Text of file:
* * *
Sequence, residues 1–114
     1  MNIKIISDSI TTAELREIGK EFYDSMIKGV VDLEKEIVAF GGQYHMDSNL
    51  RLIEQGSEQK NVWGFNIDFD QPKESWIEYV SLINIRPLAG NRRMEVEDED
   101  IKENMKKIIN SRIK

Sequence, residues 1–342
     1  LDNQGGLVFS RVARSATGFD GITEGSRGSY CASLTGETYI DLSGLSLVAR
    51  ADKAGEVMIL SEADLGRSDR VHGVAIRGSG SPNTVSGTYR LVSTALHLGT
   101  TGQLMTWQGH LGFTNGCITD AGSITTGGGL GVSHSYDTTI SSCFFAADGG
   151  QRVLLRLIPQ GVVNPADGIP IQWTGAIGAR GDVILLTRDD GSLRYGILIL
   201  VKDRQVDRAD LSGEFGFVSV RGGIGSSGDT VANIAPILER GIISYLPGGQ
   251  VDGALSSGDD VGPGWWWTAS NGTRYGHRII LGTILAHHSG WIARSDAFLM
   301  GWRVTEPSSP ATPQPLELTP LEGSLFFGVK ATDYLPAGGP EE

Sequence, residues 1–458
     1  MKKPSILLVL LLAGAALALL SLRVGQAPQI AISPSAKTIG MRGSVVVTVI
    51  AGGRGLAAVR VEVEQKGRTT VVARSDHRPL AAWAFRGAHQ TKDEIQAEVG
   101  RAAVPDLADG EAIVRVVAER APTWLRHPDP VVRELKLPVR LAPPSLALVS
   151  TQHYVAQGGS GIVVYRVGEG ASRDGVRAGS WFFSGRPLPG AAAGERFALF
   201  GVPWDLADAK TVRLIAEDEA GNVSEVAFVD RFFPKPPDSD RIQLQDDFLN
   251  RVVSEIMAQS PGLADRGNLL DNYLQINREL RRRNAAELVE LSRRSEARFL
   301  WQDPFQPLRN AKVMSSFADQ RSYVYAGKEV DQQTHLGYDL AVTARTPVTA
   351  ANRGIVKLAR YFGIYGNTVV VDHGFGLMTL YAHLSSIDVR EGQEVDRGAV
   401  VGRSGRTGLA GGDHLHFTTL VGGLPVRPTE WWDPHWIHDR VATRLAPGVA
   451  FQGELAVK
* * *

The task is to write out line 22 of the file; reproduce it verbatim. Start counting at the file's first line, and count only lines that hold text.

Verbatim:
   401  VGRSGRTGLA GGDHLHFTTL VGGLPVRPTE WWDPHWIHDR VATRLAPGVA